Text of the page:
Children with hearing loss understand and make simpler sentences than children who have normal hearing. Often they have trouble hearing the ends of words, particularly – ‘s’ or – ‘ed,’ e.g. cats, waited. This means their communication can be affected as they have trouble indicating plurals (dogs, cats), possessives (Mary’s, Sam’s) and verb tenses (eats, sleeps). These difficulties can combine to have a negative effect on reading and writing and how children perform in school.

In relation to speech development, children with hearing loss often cannot hear sounds like ‘s’ (see), ‘z’ (zebra), ‘sh’ (shoes), ‘f’ (feet) ‘v’ (vet). They also tend to leave out these sounds in their speech so they may be hard to understand. They may not be able to hear their own voices when they are talking so they might talk too loudly or not loudly enough.

Children with hearing loss need to be seen by a team consisting of the family, the audiologist, the ENT surgeon, the speech and language therapist, and other healthcare professionals (e.g. visiting teacher service provided by the Department of Education and Science) depending on the child’s needs.

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Ask Sarah

Q I’ve heard a lot about the Paleo diet and as I am very interested in reducing the amount of processed foods and grain based meals my family eats, we are considering following this diet. From what I read it seems to be a back-to-basics type of eating. Is a Paleo diet safe for children? My kids are aged seven and nine.

A The Paleo diet is one of the most fashionable diets around at the moment. It is also known as the ‘caveman diet’ and is based on cutting out processed foods, starchy foods like bread and potatoes and eating more meat, vegetables and fruit.
As fad diets go, it is not the worst but there are some good and bad sides to it. Reducing the amount of processed foods we eat is always a good idea and by doing that you will usually reduce the amount of fat, salt and sugar you eat, which is a good thing! The problem with the Paleo diet is that it also cuts out dairy (on the basis that cavemen didn’t drink milk) and this means that the diet is very low in calcium. For this reason it is really not suitable for children who do need a lot of calcium for growing bones. How did cavemen manage without dairy? They ate a lot more food than we do (up to 10,000 calories per day compared to the 2,000 most of us eat). By eating that amount of food they were able to pick up just enough calcium from green vegetables and seeds. To put it in perspective, you would need to eat 16 servings of broccoli a day to get all the calcium you need. This is easier to do if you eat 10,000 calories per day rather than 2,000.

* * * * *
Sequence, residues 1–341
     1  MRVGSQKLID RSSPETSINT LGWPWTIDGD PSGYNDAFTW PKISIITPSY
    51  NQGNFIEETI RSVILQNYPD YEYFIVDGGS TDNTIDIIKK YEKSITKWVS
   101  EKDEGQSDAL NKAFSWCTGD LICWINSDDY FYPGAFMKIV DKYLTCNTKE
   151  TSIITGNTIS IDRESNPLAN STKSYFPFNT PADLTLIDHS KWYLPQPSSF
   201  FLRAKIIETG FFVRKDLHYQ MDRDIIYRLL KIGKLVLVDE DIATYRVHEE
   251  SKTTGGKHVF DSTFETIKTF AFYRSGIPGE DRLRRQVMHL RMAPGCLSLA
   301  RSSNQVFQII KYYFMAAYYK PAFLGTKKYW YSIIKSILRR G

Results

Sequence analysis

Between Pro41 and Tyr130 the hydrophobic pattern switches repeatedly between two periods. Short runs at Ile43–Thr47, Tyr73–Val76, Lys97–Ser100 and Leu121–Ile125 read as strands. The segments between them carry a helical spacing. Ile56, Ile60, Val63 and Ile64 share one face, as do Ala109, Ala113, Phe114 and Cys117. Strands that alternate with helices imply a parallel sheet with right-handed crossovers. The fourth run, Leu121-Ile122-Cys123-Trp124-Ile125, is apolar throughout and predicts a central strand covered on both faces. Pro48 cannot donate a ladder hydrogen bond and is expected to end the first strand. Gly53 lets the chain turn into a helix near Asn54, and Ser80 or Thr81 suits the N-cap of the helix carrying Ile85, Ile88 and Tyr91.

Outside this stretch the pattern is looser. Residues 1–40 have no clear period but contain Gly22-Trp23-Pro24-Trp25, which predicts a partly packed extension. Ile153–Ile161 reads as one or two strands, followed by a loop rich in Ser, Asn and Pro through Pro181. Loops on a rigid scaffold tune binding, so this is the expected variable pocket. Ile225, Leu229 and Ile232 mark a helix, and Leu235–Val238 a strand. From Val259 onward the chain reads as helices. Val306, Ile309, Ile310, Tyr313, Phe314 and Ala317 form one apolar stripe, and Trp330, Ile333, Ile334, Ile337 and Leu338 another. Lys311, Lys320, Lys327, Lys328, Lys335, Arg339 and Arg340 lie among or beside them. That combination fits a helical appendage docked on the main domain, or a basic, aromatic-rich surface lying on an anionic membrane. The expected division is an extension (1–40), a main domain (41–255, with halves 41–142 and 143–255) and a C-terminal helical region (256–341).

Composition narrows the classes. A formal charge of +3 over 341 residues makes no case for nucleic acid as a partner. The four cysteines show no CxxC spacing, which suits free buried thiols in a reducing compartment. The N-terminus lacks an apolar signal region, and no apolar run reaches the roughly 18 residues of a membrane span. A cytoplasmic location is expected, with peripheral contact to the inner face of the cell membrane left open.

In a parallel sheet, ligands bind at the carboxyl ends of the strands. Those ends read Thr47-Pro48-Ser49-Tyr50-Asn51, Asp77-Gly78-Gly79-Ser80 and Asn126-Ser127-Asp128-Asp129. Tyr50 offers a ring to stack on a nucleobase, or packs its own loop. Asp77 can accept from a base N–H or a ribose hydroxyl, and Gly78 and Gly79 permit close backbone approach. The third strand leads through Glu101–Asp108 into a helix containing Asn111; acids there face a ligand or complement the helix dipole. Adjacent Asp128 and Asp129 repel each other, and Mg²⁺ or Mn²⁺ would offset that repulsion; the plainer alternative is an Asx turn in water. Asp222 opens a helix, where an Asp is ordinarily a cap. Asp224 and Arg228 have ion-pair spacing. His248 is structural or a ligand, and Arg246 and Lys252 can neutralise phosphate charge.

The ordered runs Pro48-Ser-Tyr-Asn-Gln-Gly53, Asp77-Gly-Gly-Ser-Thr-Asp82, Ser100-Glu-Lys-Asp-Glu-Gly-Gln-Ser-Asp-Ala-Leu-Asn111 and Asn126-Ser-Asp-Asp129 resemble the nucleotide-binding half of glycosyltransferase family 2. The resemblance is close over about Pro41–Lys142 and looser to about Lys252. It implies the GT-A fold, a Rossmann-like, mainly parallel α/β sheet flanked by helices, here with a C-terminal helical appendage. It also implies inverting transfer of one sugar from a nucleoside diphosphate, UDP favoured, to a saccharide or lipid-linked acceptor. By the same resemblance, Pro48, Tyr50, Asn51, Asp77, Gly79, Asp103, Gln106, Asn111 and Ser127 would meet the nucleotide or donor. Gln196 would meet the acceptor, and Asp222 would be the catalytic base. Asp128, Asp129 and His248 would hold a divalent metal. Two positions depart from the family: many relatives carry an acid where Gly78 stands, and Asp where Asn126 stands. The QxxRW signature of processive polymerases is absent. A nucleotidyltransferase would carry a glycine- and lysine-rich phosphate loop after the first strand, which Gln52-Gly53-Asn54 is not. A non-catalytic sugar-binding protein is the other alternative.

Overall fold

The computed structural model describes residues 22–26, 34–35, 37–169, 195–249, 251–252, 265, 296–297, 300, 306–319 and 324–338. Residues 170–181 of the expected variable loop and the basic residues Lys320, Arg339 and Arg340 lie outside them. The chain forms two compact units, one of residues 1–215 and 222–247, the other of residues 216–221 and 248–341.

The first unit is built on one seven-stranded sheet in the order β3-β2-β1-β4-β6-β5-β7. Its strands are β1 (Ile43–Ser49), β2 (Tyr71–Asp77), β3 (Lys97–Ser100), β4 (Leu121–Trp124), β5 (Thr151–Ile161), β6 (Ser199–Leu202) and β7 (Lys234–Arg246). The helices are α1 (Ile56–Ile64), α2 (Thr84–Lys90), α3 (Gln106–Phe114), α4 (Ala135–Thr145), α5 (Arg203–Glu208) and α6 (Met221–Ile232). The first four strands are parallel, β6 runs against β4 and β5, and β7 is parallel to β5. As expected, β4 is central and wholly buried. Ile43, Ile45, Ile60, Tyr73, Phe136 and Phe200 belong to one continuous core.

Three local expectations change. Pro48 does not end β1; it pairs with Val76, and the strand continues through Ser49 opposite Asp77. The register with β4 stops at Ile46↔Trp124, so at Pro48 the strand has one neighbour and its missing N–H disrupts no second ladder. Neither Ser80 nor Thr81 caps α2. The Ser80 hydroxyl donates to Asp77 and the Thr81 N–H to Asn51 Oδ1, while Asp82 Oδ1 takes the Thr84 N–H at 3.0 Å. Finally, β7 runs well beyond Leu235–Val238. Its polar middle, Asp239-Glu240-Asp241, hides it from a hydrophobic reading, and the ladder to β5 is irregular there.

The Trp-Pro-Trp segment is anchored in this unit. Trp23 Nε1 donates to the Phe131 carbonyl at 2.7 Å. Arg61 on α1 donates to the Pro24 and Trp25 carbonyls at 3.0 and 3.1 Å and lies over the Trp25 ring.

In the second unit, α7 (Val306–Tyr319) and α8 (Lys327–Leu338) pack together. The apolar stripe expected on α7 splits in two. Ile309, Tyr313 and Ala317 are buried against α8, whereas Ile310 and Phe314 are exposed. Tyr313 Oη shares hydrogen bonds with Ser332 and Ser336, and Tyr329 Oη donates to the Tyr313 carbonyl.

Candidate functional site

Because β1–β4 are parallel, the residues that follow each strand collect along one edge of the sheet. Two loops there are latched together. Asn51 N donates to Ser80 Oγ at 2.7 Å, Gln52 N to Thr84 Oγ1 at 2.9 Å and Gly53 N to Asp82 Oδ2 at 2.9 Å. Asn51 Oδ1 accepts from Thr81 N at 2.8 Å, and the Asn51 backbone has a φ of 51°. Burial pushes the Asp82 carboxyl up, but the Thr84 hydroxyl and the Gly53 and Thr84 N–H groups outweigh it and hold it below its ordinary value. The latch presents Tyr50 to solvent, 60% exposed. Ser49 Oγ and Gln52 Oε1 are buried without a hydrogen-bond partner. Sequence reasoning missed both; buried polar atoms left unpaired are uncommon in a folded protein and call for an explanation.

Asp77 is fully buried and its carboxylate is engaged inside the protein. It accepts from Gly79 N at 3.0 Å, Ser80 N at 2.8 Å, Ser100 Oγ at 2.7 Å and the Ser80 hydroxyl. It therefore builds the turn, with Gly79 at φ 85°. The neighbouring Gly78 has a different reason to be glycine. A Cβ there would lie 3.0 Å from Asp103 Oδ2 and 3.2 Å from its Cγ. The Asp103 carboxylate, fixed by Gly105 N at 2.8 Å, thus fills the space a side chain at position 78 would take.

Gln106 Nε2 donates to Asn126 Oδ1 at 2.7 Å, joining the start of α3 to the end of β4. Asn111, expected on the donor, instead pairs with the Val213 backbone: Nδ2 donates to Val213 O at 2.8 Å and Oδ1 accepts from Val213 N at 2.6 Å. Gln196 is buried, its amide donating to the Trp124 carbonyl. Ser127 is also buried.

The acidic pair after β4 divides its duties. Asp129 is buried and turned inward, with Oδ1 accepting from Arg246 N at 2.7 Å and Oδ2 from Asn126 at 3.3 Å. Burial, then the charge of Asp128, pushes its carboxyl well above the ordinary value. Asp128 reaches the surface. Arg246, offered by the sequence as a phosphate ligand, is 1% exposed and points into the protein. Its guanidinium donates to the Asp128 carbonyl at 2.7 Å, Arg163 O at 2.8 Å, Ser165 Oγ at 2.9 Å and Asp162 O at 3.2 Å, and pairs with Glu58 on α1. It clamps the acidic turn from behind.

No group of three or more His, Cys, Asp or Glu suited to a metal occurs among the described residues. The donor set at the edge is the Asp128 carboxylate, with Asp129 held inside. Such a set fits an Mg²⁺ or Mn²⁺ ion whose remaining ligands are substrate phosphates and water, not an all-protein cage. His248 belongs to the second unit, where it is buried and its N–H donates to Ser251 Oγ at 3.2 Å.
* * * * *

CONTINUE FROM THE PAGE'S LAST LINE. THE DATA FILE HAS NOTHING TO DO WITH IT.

The other problem with the paleo diet is that it is not entirely based in science. Many of the Paleo diets out there say you should not eat wheat, even though we know that cavemen did in fact eat wheat and other grains. These diets also don’t recommend that you eat blubber and the big lumps of fat that were also a large part of the caveman diet!
A final problem is that many Paleo diets encourage people to cut out beans and lentils and to get their protein from meat and fish instead. Many studies over the last few years are clear that eating too much animal protein is linked with more cancer and heart disease. Eating some vegetarian meals based on beans and lentils is a great way to get your protein without always going for meat.
Is this a diet we should follow? I think there is a lot we can learn from the Paleo diets. We could all do with eating less salt, sugar and processed foods and adding in more nuts and seeds as well as more vegetables. However, I think following a strict Paleo diet could lead to low levels of calcium and vitamin D and so it is not suitable for children or teens and adults would need to think about a calcium supplement.

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Ask Allison

Q My sister-in-law and I both work three-day weeks and we help each